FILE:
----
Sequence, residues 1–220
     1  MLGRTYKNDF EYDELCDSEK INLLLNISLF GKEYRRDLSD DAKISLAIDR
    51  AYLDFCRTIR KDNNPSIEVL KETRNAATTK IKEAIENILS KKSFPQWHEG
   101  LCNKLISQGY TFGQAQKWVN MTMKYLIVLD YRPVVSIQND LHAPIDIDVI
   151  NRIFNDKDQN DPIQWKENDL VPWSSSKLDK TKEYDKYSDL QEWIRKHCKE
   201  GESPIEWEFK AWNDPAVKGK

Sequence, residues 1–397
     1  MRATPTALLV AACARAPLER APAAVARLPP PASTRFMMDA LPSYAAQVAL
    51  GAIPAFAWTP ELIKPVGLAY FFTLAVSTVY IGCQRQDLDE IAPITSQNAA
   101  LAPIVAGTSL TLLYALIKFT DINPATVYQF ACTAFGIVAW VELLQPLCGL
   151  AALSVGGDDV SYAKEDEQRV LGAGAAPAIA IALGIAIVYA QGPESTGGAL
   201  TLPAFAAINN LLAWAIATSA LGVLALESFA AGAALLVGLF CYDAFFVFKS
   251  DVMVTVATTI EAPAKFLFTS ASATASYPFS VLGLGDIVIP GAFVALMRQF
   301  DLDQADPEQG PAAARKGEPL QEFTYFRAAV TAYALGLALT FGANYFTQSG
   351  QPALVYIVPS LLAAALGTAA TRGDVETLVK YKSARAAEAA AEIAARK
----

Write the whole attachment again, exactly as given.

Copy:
Sequence, residues 1–220
     1  MLGRTYKNDF EYDELCDSEK INLLLNISLF GKEYRRDLSD DAKISLAIDR
    51  AYLDFCRTIR KDNNPSIEVL KETRNAATTK IKEAIENILS KKSFPQWHEG
   101  LCNKLISQGY TFGQAQKWVN MTMKYLIVLD YRPVVSIQND LHAPIDIDVI
   151  NRIFNDKDQN DPIQWKENDL VPWSSSKLDK TKEYDKYSDL QEWIRKHCKE
   201  GESPIEWEFK AWNDPAVKGK

Sequence, residues 1–397
     1  MRATPTALLV AACARAPLER APAAVARLPP PASTRFMMDA LPSYAAQVAL
    51  GAIPAFAWTP ELIKPVGLAY FFTLAVSTVY IGCQRQDLDE IAPITSQNAA
   101  LAPIVAGTSL TLLYALIKFT DINPATVYQF ACTAFGIVAW VELLQPLCGL
   151  AALSVGGDDV SYAKEDEQRV LGAGAAPAIA IALGIAIVYA QGPESTGGAL
   201  TLPAFAAINN LLAWAIATSA LGVLALESFA AGAALLVGLF CYDAFFVFKS
   251  DVMVTVATTI EAPAKFLFTS ASATASYPFS VLGLGDIVIP GAFVALMRQF
   301  DLDQADPEQG PAAARKGEPL QEFTYFRAAV TAYALGLALT FGANYFTQSG
   351  QPALVYIVPS LLAAALGTAA TRGDVETLVK YKSARAAEAA AEIAARK